In shooting competitions, there’s no threat stimulus, and certainly no need (or sometimes even allowance) to move off the line of attack. Virtually all the drawing I did in even the most tactical of competitions was from a straight standing position, because there was nothing triggering my body’s desire to get low.Remember that “FBI cant” holster I originally tried? In competition, the awkward drawstroke cost me time relative to the other shooters. It didn’t work well because the canted holster isn’t in line with the normal movement of the arm and body when in a standing position. The straight-drop holster, on the other hand, was. It allowed a solid grip without wrist contortion, and I could pull the gun straight up. This maximized the speed of the draw and is why “experts” in the game liked them. They weren’t wrong, because that holster design works well for competition. It fits the context of the activity.
When I started injecting realism based on the body’s natural reactions into my training, the context changed. I now drew my gun not from the calm posture of the shooting range, but from the lowered/forward posture that is normal for someone facing a lethal threat. The holster that worked well in the competitive context wasn’t so good when training realistically.
That’s because a gun carried on a belt tends to stay in the same place relative to the hips, regardless of the position of the upper body. The shoulders, which carry the arms, move forward relative to the hips.
The normal threat reaction posture, with the center of gravity lowered and the upper body leaning forward, moves the gun backward relative to the shoulders and arms. The gun’s exit path from the holster changes in relation to the arc of movement of the hands and now has to be pulled toward the rear to release it from the holster.
That’s not the direction in which the arm has the most strength. This movement also contorts the wrist and is counter-intuitive. The mind wants to bring the gun toward the front, where the threat is, rather than toward the back.
When I started my drawstroke from where I expected to be in an actual fight — from that threat reaction posture — my straight-drop holster felt as if it locked my gun into place. It was difficult to remove, and I found myself rising to a more upright position just to get the gun out of the holster. That sort of defeated the purpose of the realistic training!
Changing Old Habits
When I realized this (and it took me about a year — I’m a stubborn learner), I changed to a forward-canted holster. That design was not suitable for competition but perfect for realistic defensive shooting practice because it conformed to what my body was most likely to do in a real life-or-death struggle.The canted holster puts the exit path of the gun closer to the natural movement the hand is likely to make from an actual defensive posture. Put another way, the canted holster places the gun in the position the body is going to find itself in during a fight! It works better with the body’s natural reactions and trained responses than the straight-drop holster does. That makes it easier and more efficient to use under the circumstances in which I expect to defend myself.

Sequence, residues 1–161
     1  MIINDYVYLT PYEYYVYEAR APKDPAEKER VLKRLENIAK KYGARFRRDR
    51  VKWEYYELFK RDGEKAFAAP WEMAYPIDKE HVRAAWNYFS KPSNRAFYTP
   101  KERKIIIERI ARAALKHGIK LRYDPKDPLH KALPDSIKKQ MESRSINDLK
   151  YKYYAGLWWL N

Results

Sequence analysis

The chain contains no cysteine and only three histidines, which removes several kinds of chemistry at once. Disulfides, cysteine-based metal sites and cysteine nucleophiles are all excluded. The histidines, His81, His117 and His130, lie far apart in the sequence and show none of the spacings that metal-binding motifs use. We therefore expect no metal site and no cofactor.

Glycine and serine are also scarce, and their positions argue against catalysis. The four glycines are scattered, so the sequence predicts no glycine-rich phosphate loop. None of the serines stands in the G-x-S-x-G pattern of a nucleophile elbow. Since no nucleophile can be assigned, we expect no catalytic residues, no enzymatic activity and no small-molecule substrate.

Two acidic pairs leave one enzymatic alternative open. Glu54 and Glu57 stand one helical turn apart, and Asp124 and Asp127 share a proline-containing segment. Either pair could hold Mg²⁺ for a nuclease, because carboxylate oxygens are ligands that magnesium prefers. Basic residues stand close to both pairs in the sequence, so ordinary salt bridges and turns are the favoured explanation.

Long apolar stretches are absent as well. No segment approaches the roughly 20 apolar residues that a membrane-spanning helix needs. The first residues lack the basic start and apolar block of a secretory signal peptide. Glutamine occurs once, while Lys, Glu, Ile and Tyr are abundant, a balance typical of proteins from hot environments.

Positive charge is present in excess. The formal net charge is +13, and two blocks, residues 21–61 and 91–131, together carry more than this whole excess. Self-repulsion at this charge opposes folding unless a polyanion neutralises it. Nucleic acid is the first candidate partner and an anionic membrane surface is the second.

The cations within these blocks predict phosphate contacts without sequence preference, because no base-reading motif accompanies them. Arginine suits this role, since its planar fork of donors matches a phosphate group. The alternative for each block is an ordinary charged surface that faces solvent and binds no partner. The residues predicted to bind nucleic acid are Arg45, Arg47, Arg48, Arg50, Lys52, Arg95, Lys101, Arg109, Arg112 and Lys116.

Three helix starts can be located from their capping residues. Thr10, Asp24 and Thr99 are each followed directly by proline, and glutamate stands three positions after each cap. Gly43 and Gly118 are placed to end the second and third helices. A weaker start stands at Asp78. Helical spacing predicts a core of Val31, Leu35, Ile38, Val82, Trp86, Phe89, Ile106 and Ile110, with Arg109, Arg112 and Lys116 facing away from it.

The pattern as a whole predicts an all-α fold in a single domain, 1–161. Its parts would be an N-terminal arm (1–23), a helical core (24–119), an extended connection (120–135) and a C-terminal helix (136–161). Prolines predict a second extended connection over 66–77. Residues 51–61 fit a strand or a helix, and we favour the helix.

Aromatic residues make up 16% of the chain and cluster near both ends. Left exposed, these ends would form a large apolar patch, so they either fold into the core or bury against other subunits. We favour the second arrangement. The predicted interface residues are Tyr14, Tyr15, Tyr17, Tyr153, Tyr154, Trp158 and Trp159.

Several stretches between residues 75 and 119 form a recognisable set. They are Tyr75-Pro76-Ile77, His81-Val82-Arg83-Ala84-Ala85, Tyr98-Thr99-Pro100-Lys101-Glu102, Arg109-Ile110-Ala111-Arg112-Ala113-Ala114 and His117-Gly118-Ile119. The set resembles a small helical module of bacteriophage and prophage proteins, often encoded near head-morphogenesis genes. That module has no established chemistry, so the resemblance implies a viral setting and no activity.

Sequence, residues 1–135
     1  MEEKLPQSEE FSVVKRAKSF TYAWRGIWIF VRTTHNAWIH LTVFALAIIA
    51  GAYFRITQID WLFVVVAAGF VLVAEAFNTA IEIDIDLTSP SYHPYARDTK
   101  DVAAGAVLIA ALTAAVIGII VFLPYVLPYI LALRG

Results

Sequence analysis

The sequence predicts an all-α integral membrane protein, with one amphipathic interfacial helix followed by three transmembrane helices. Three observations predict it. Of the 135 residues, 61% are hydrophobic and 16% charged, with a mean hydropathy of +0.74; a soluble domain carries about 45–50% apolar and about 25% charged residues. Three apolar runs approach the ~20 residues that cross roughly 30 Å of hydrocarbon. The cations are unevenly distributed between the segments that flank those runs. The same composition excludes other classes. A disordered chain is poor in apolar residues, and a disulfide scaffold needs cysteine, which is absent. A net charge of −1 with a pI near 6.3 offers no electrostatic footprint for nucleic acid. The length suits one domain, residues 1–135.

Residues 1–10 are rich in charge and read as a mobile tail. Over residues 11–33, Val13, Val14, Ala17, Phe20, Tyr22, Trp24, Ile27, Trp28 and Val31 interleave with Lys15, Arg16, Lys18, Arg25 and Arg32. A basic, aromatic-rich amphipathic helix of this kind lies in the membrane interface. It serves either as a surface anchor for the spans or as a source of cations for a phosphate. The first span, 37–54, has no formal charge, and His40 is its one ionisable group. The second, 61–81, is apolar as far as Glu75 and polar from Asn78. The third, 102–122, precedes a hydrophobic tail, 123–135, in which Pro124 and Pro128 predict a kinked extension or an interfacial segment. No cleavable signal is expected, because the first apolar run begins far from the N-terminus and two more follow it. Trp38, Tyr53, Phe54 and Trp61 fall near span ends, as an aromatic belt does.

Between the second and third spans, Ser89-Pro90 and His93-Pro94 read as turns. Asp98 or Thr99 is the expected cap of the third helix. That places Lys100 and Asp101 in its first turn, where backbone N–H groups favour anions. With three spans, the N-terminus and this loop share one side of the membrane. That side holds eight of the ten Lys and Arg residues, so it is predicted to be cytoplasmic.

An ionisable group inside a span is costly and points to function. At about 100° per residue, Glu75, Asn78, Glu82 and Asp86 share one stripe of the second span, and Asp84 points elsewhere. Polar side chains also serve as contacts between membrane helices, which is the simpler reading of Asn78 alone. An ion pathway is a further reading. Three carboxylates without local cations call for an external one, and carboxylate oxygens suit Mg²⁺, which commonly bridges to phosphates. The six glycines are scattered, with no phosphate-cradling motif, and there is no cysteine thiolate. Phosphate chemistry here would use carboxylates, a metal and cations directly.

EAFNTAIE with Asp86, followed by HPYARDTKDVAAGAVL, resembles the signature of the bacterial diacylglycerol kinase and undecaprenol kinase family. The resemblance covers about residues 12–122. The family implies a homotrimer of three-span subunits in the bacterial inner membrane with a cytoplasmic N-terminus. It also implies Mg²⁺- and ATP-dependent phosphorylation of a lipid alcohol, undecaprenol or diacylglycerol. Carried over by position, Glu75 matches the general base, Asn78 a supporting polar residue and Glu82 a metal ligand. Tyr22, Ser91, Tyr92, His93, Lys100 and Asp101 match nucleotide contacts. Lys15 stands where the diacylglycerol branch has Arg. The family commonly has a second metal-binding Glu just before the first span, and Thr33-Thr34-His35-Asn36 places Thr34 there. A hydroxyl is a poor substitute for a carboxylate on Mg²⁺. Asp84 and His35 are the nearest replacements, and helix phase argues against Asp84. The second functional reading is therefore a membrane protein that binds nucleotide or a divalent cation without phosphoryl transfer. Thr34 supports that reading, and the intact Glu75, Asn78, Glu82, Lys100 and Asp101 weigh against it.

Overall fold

Our body’s natural reactions affect not just how and what we train, but what we train with. Any piece of hardware you carry, whether it’s a gun or a holster, needs to work well with what your body is going to do naturally.
That’s not to say that anything else is absolutely unworkable, because that would fly in the face of recorded history. People have successfully defended themselves with all kinds of guns and holsters. Can you use a straight-drop holster for defensive encounters? Certainly, but you need to understand that your hardware choice affects your efficiency. The more efficient your response, the less time you’ll be exposed to danger and the less chance you’ll have of being injured or killed during the confrontation.
Again, it’s all about context. What works well in the controlled environment of a shooting match is not necessarily what will work well in a fight, and vice-versa. The variable? Our body’s natural reactions when under threat.
Pick your gear for the fight you’re likely to have, not the one you want to have. Test that gear under realistic conditions, the kind under which you’ll actually fight, rather than the make-believe conditions of the competition shooting range.